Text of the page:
The car’s interior was no less serious in intent, with extremely minimal amenities and sporty carbon fiber trim contributing to further weight reduction. Air conditioning was one of few interior options, and the spartan cabin featured pull-strap door releases and sliding Plexiglas windows (wind-up units were implemented later in production). The positive results of this weight-shaving strategy were clear in the car’s final curb weight.
The appropriately named F40 debuted at a July 12, 1987, press conference in Maranello just over a year after Ferrari’s first engineering meeting. Rapturously received by the assembled throng of media, the F40 soon established a 0–60 mph time of 3.8 seconds and a top speed of 201 mph, gaining it entry to a rare club of supercars capable of breaking the 200 mph barrier. Built in a limited quantity, the F40 holds a special place not just as one of Ferrari’s best performing and genetically pure cars of all time, but also as a unique link in the company’s chain of premium hypercars and a celebration of the birth of the Maranello legend.
Completing construction in August 1990, this F40 was the 55th example of 213 cars built to United States specifications, and it was fitted with the rare air conditioning option. Although service records indicate that the car was officially delivered on November 17, 1990, little is currently known of the original owner’s identity. In early 1996, the car was offered through Cole Motor Classics, in Burlingame, California, who advertised it with 300 miles of use and the accompaniment of its fitted luggage.
Soon after acquired by Mr. Tilley, the F40 was treated to the company of his fine collection, where it enjoyed an ideal life of maintenance and minimal use. Fast Cars Ltd., in Redondo Beach, California, was retained to look after the Ferrari, and their attention included a new spark plug service and the addition of new intercoolers in November 2011 and the installation of a new clutch in June 2012.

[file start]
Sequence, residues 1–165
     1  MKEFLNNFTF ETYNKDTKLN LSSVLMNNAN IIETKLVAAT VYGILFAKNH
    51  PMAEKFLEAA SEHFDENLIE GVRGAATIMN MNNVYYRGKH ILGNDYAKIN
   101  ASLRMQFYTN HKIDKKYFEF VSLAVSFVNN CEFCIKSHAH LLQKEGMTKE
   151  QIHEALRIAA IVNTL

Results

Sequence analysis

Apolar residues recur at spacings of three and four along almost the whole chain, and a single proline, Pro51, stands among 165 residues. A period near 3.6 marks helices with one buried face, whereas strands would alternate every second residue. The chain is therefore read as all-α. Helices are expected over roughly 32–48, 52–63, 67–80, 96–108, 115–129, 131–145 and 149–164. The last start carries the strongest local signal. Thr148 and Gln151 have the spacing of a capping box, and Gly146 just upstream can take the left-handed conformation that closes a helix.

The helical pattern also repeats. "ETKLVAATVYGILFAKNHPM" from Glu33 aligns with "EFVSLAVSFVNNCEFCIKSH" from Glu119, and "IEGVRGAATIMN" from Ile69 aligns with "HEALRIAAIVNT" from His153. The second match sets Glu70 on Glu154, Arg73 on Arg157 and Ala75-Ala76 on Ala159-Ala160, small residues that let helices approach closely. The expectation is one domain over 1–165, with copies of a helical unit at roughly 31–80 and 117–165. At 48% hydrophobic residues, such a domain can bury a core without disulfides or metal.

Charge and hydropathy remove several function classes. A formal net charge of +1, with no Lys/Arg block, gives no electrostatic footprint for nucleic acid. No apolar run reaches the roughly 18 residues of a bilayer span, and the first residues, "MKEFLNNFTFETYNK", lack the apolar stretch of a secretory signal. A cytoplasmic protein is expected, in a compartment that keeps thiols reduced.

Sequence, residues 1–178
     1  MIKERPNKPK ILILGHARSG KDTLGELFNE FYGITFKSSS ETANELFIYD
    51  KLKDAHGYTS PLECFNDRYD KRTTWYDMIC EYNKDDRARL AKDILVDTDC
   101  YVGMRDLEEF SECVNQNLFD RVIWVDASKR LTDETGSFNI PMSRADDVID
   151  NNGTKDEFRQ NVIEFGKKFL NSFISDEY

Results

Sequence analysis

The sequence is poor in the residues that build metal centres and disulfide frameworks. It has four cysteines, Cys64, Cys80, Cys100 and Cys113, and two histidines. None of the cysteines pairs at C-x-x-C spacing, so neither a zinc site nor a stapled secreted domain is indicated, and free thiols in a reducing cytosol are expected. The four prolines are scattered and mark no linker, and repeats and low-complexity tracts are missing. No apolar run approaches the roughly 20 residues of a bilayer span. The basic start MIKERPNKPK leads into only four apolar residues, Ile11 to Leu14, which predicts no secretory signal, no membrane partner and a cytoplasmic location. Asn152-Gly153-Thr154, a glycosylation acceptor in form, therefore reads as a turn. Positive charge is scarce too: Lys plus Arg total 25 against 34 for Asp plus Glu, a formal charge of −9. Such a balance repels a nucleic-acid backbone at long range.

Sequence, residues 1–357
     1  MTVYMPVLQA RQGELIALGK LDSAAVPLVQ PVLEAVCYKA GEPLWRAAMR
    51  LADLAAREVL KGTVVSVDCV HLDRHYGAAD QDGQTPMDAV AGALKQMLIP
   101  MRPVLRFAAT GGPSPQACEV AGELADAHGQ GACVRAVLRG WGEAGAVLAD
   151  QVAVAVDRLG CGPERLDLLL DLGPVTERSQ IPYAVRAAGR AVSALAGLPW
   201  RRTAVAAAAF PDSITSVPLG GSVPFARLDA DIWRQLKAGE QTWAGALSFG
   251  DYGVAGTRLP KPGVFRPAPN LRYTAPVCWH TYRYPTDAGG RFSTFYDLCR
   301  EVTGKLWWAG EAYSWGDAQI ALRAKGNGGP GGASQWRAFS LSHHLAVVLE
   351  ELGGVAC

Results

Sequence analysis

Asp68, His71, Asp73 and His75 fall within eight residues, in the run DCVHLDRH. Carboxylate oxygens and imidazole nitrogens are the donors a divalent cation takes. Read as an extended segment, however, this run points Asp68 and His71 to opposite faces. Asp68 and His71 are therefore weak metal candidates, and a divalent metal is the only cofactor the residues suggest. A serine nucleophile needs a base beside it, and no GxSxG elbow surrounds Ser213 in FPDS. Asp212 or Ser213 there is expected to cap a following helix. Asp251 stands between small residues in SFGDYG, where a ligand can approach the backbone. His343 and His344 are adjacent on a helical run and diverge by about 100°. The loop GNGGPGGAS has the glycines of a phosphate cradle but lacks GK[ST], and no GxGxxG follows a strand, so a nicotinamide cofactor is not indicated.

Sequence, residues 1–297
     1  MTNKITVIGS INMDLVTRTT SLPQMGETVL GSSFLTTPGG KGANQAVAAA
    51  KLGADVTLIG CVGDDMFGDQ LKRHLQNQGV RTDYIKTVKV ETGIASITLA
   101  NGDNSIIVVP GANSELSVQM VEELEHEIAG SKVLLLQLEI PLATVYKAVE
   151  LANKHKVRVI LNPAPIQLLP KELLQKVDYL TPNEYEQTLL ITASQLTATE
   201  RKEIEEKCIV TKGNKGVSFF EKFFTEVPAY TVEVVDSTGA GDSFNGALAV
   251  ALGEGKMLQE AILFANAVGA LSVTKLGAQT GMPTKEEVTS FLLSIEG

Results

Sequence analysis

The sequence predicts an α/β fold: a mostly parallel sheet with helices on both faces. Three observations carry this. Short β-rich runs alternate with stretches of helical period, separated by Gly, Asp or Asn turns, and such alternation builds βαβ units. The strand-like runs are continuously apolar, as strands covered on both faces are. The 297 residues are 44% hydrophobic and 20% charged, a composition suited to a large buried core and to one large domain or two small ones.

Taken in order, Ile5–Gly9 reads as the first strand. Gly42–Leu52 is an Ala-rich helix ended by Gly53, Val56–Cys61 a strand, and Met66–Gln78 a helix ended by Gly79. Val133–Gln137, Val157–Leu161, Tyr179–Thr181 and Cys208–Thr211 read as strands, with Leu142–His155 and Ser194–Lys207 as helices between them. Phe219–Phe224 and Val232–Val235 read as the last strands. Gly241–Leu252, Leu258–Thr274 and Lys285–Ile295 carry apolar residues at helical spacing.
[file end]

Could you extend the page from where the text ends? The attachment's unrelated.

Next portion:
In December 2011, Mr. Tilley further endowed the F40’s desirable provenance by obtaining Ferrari Classiche certification, ensuring that the car has been evaluated as an authentic example by the highest authority. Currently still displaying approximately 2,900 miles, this scantly used F40 has a long shelf life of engine use and chassis wear ahead of it, and it offers its next caretaker the considerable road and track use of which it is capable. The car retains the original factory air conditioning, and it has been fitted with a competition-style Tubi exhaust for improved engine performance. It is also accompanied by tools, luggage, a full set of owner’s manuals, and the Ferrari Classiche binder.
Reported to start strongly and without hesitation, this turnkey F40 can be instantly used as a driving example. As one of the most scintillating Ferrari supercars ever designed and built, the car promises to turn heads in any capacity, and it would be the toast of most shows and events, particularly supercar gatherings and FCA meets. It is a fantastic and highly desirable example of one of the most celebrated Ferrari road cars of all time, and it would easily crown most sports car collections.
AddendumPlease note the Ferrari received light cosmetic damage while being moved in preparation for the auction. The headlight lens will be repaired by an authorized facility for the successful buyer following the auction at RM Auctions expense. Please see a representative of RM Auctions for any clarification prior to bidding.